NYC vigilante films himself repairing damaged locals’ license plates in order to avoid being fined

NYC vigilante films himself repairing damaged locals’ license plates in order to avoid being fined

Gersh Kuntzman, an established journalist with a career dating back to 1989, spends his days cruising city streets in search of damaged license plates caused by vehicles attempting to evade speed and red-light cameras.

The New York Police Department has labeled a man a lawbreaker for repairing license plates. Officials estimate that New Yorkers’ deliberate vandalism to avoid paying fines has cost the city more than $100 million this year.

The improbable hero goes by the name Gersh Kuntzman, whose meticulous documentation of his escapades on Twitter has earned him both the title of local hero and the ire of several criminals, including sworn officers.

Kuntzman, an established writer whose career dates back to 1989, leads something of a double life, spending his days both at a desk and roaming city streets in search of tags that have been damaged by cars attempting to evade the law.

Kuntzman is seeking to tackle a situation known as camera evasion, which occurs when drivers cover their license plates with camera-proof screens and sprays, or deface them in some other way, in order to avoid detection by speed and red-light cameras.

These evasions have skyrocketed in recent years, according to the city’s police, although summonses for similar infractions have curiously decreased since last year.

This has prompted citizen enforcers like Kuntzman to take action, straightening and occasionally recoloring the hidden plates that are frequently visible on city officials’ vehicles.

Gersh Kuntzman, an established journalist with a career dating back to 1989, spends his days cruising city streets in search of damaged license plates caused by vehicles attempting to evade speed and red-light cameras.

The New York Police Department has labeled a man a lawbreaker for repairing license plates. Officials estimate that New Yorkers’ deliberate vandalism to avoid paying fines has cost the city more than $100 million this year.

The improbable hero goes by the name Gersh Kuntzman, whose meticulous documentation of his escapades on Twitter has earned him both the title of local hero and the ire of several criminals, including sworn officers.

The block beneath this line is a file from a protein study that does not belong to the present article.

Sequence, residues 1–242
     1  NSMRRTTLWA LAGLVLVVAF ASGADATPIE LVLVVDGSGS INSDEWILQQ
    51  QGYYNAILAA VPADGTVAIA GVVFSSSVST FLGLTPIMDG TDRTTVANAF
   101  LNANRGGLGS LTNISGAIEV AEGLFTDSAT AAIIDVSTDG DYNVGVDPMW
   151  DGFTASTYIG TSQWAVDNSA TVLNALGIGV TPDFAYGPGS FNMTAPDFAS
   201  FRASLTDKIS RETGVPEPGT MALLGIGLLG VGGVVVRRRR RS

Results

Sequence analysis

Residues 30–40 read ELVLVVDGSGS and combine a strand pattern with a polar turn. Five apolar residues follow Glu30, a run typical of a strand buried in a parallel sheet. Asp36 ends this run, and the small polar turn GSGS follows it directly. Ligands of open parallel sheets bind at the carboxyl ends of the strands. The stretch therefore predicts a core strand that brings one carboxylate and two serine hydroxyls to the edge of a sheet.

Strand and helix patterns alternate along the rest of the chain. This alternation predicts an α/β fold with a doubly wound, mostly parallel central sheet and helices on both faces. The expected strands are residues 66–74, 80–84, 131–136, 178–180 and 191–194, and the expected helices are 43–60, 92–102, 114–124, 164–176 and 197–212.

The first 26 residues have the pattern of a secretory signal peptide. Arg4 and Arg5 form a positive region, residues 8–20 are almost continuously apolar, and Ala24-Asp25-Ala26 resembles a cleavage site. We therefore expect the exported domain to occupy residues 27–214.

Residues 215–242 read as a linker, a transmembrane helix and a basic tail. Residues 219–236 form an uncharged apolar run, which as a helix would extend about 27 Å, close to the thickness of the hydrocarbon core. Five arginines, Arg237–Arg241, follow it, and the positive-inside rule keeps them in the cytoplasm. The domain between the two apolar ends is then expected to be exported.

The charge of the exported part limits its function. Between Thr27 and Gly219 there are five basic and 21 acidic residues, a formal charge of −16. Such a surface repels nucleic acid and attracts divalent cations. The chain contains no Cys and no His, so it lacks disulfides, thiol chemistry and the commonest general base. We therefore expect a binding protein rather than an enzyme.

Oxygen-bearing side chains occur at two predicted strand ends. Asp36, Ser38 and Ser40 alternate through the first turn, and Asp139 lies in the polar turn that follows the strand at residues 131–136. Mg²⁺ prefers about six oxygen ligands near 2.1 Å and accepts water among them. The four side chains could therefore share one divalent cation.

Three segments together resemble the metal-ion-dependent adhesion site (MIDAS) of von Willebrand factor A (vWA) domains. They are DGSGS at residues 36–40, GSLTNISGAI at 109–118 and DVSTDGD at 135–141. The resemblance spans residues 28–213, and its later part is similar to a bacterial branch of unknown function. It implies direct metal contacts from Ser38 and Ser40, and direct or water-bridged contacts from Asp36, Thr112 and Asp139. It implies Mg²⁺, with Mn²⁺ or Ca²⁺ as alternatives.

Kuntzman, an established writer whose career dates back to 1989, leads something of a double life, spending his days both at a desk and roaming city streets in search of tags that have been damaged by cars attempting to evade the law.

Kuntzman is seeking to tackle a situation known as camera evasion, which occurs when drivers cover their license plates with camera-proof screens and sprays, or deface them in some other way, in order to avoid detection by speed and red-light cameras.

These evasions have skyrocketed in recent years, according to the city’s police, although summonses for similar infractions have curiously decreased since last year.

This has prompted citizen enforcers like Kuntzman to take action, straightening and occasionally recoloring the hidden plates that are frequently visible on city officials’ vehicles.

However, although hit-and-runs have increased – 93 involving serious injuries were reported last year – arrests for the same offenses have decreased, with only 23% of hit-and-run instances resulting in an arrest and only 3% of them being solved.

The number is a 12 percent decline from 2018, when the epidemic and defund the police rallies ushered in a climate of lawlessness that has since continued in the city.

This negative phenomena has been attributed to camera evasion by experts and seasoned New Yorkers such as Kuntzman, who has made it his mission to identify twisted, discolored, and other scannable tags and fix them personally.

However, his endeavor, which was well-documented on social media, prompted a negative response from the New York Police Department after he encountered numerous police vehicles with illegible license plates.

Not one to show favoritism, Kuntzman repaired the automobiles as he would any other, prompting the department to issue a warning that it takes license plate tampering’very seriously’, regardless of whether the offender is a member of the public or an officer.

Kuntzman, a former editor and reporter for both The Daily News and The New York Post, claims to have received threats from more locals as a result of his conduct.

The seasoned journalist has steadfastly continued his effort, carrying a screwdriver to remove coverings and phony license plates and a blue Sharpie to replace letters and numbers that have been scraped off.

In a video posted by Kuntzman last week, the Good Samaritan claimed that a car with a defaced license plate belonged to a Park Slope, Brooklyn police officer assigned to the 78th Precinct. Other films depict similar violations by other city officials, who, according to Kuntzman and others, are among the worst violators of license plate restrictions.

In the vicinity of courthouses and police stations, he and other advocates routinely detect high concentrations of illegitimate license plates.

When reached by Dailymail.com on Saturday, officials from the New York Police Department declined to comment more on these claims.

»NYC vigilante films himself repairing damaged locals’ license plates in order to avoid being fined«

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